In summary we hold that even should it be conceded that appellant was guilty of negligence in permitting the container of gasoline to be left at the place and under the circumstances shown by the evidence, the independent efficient cause of appellee's injuries was the act of the motorist in crashing through the flambeaux, warning signs and metal pipe barricade, causing the gasoline can and flambeau to be catapulted from the original locations to a point some ten or fifteen feet distance therefrom and in close proximity with each other, thereby starting the conflagration that caused the explosion which injured appellee. We further hold that as a matter of law appellant, by prudent human foresight, could not have been expected to anticipate that the injuries inflicted upon appellee by the means and under the circumstances revealed by this record would probably have occurred as a result of the can of gasoline being kept within the barricade and next to the motor which was regularly serviced therefrom.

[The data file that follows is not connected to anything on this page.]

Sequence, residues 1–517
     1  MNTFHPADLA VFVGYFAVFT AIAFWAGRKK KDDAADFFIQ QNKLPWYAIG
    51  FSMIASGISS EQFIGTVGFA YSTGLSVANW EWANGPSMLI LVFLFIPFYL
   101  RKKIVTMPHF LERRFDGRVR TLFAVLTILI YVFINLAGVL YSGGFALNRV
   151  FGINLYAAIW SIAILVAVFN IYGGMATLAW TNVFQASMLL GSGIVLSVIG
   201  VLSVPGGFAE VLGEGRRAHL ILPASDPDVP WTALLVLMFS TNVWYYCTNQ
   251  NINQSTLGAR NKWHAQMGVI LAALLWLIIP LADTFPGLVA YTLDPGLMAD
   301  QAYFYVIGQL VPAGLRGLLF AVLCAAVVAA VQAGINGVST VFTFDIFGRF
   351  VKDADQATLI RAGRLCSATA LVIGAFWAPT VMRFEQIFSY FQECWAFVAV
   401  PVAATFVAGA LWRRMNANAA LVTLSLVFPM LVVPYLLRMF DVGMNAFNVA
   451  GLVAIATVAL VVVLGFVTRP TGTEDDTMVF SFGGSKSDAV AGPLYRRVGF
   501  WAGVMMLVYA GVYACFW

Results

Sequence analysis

The trial court erred in denying appellant's several motions for a directed verdict. The judgment appealed is accordingly reversed and the cause remanded with directions that judgment be entered in favor of appellant.
Reversed and remanded.
SHANNON, C.J., and KANNER, J., concur.